The perfect carpet of suburban green lawn does not exist at our house; at least not yet, but that might change once my husband gets his hands on it. We don’t have a conventional lawn right now at all, we have what’s been called “pasture”. Within it grows numerous types of plants, many of them labeled ‘weeds’ by the more pristine lawn connoisseurs. (A weed’s a flower too, once you get to know it– I saw this quote just yesterday somewhere, probably Facebook.)
One of the wild green things growing freely in our lawn is a plant called Plantain. You can see it in the foreground of this photo. It grows with wild abandonment in our yard, most often in cliquish little clumps here and there. In the early stages you won’t see the long seed stems, just the wide green leaves close to the ground.
Every year I gather bunches of plantain, filling a large glass jar, squashing the leaves down, getting as much as I can into one container, on my knees, going from one island of plantain to another, front and back yard. This is an extraordinarily versatile plant, both magickally and mundanely speaking– which I value greatly. I’m going to start with the conventional side of plantain, some of the practical uses it can be valued for, sort of like nature’s medicine cabinet…
For Insect Bites:
Cover fresh insect stings (from bees, wasps, or hornets) with wet crushed plantain leaves. Replace the leaves as they dry out. The idea is to press out the poison, to draw it out, as well as to relieve any discomfort at the same time.
Wrap bruised wet plantain leaves around the infected area, keeping them wet by covering them with a plastic bag or a wet cloth. Be sure to keep the leaves wet. It’s been said that plantain works on infected finger sores where conventional antibiotic ointments have failed.
An Herbal Ointment: Plantain Liquefied Ointment
(An ointment is a soothing healing balm made with a base of oil, lard, grease, or petroleum, into which you’ve added herbs and plants for medicinal purposes. It’s most simply made by heating your base and adding your other ingredients; then pouring the mixture into a container to cool and thicken, and this process can be helped along if you wish by adding bees wax, coco butter, or honey. If you’ve a mind to, you can add a couple drops of benzoin, glycerin, or a preservative to the mix, but I’m a purist at heart, and either I’ll use a batch of ointment up in good time, or I’ll eventually toss it out and make a new one as needed.)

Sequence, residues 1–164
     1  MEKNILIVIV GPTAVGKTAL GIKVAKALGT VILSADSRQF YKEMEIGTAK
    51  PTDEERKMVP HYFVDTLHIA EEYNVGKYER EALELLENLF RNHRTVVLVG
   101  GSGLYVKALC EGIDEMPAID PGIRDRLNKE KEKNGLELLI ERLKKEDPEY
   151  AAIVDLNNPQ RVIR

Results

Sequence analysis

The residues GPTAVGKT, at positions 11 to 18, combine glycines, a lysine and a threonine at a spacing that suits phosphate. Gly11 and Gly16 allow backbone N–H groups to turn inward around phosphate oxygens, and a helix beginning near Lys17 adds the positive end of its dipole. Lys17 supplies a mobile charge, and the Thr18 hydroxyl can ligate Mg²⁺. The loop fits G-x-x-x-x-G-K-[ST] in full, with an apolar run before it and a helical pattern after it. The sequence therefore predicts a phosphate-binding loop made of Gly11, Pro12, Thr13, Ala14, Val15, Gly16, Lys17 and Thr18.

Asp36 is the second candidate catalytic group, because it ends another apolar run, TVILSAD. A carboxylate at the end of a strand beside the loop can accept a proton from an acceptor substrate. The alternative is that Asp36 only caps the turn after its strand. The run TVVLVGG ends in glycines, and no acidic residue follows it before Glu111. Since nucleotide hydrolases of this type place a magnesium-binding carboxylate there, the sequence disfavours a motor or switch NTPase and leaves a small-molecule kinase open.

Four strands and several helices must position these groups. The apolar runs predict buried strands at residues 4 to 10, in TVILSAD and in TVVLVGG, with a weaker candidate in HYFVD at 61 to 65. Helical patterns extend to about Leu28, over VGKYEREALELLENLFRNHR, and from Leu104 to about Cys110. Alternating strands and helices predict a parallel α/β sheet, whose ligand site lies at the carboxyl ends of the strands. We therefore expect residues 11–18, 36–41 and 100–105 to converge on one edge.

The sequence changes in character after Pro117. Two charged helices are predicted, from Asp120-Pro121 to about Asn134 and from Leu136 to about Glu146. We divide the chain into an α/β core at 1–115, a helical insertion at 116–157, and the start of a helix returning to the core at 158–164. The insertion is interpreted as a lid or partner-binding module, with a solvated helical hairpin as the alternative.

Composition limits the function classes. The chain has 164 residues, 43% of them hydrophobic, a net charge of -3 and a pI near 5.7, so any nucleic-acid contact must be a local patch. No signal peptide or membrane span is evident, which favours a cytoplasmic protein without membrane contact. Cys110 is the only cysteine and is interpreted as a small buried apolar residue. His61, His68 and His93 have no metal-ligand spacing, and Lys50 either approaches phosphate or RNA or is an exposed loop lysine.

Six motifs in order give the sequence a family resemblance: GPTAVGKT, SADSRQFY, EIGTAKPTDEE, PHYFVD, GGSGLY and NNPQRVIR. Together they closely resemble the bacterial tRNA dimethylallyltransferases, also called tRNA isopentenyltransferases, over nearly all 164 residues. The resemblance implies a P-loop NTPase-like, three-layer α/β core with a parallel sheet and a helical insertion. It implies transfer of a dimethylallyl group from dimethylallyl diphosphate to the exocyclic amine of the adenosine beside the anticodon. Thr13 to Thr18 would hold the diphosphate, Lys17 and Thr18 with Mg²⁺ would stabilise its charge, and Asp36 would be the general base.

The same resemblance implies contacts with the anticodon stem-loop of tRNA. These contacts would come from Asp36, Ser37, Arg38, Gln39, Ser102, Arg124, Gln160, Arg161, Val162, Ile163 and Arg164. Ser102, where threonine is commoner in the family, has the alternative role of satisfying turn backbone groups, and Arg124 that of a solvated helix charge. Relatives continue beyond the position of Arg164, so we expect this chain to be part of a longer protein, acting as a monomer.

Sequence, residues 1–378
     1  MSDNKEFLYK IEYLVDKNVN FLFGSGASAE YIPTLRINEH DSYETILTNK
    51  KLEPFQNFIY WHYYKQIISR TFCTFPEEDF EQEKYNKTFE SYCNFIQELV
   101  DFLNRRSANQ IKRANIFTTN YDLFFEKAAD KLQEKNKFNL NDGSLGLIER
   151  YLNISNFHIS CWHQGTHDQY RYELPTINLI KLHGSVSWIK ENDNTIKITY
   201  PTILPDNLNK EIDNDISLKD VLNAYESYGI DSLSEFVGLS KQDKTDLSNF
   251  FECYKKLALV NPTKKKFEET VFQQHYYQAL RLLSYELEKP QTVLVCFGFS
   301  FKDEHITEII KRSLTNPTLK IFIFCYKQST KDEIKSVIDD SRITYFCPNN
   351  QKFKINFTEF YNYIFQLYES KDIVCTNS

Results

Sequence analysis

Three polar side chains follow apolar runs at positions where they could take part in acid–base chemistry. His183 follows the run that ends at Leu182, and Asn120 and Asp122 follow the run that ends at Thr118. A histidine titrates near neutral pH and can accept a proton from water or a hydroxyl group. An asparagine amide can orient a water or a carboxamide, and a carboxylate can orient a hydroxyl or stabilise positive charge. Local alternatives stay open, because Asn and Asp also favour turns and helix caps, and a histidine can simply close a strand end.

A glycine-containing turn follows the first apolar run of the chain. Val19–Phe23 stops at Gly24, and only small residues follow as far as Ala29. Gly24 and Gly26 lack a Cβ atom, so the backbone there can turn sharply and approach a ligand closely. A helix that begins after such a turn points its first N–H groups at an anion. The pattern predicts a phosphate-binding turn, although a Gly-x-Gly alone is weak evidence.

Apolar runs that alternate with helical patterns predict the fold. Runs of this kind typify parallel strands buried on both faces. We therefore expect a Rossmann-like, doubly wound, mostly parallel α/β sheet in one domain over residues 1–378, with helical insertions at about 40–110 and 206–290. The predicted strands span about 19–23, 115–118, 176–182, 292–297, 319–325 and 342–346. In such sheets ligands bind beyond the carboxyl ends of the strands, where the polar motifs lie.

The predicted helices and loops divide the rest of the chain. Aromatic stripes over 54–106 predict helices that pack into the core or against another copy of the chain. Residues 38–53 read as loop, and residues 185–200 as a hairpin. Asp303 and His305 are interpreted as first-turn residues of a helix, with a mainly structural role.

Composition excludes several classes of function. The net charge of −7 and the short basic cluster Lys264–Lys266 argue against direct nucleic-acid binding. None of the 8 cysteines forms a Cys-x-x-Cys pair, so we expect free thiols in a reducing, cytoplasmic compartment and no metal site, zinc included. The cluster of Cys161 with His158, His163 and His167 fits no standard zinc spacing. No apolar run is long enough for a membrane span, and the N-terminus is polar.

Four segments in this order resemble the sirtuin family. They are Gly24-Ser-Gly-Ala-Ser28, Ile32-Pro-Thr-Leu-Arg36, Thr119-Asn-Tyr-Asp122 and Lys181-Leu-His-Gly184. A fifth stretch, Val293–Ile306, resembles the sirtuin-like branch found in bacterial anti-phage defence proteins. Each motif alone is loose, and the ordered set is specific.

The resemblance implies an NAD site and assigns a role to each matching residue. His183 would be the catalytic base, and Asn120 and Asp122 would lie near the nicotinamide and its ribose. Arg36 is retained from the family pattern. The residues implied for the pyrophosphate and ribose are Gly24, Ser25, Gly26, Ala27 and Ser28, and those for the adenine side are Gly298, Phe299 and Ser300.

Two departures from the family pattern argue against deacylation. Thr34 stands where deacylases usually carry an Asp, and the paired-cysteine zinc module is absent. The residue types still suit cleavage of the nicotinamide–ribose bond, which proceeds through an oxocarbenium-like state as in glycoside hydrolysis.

2 1/2 cups fresh plantain leaves
1 1/2 cups wheat germ oil
1/2 cup honey
Mix the what germ oil and the honey in a blender, adding fresh plantain leaves. Blend well, then scrape this mixture into a container of your choice (I prefer small glass jars), and be sure you label it. To help the mixture harden up to the right consistency, add 2 1/c tablespoons of hot bees wax.
Now the fun stuff, we’re going to leave the conventional world behind and look at all the wonderous magickal– wiccan, pagany, witchcrafty ways we can make use of Plantain. This is a plant that I use a lot– I mean a lot— for a variety of magick and intentions.
First, I’m a fuss-budget, a worry wart– a mother– and I want my family to be safe whenever they are traveling in a vehicle, and I don’t care if it’s across town for a gallon of milk, or across the country to visit family. There must be, absolutely must be, a small bag of plantain and calamus root in everyone’s vehicle. It’s priceless, believed to protect travelers from harm, and as I’ve said before, I take a good deal of stock in it– my oldest daughter has totaled two cars on Omaha’s freeways, and she’s walked away without a scratch both times, her mojo bundle of herbal magick tucked beneath the driver’s seat.
Another protective use for plantain is to keep your property safe from theft: in good old-fashioned mojo tradition, fill a blue flannel bag with plantain and place it in the four corners, or at the four compass points, around your property.
Use plantain magickally to cure illness: it’s believed that by writing the name of the inflicted person three times on a small piece of paper, wrapping this paper in a plantain leaf, and laying the leaf on the heart of the patient, you can chase out the disease and restore good health. (I know I sound like I have a lot of faith in plantain’s magickal and mundane abilities, but for gawd’s sake, use some common sense– you can mix good old folk magick right along with a fabulous thing known as ‘modern medicine’. I don’t want to hear of anyone stopping routine medical care by competent medical professionals and replacing it with folk remedies alone…really.)
If you’re the victim of someone with a big mouth and a little brain, you can stop one and/or the other with a mixture of crushed dried plantain leaves and slippery elm (Shut yo’ mouth…says it all). I think I’d prefer to do a little candle magick with this combo– oil up a yellow candle with a good oil of your choice, roll it in the herbs, place it in a cauldron or other fire-proof container and burn away…and just for good measure, I’d place a slip of paper with the target’s name on it beneath the candle– and if you get your hands on a photo of them, which is so darn easy to do in this internet/Facebook world, you can really go to town. Knock yourself out.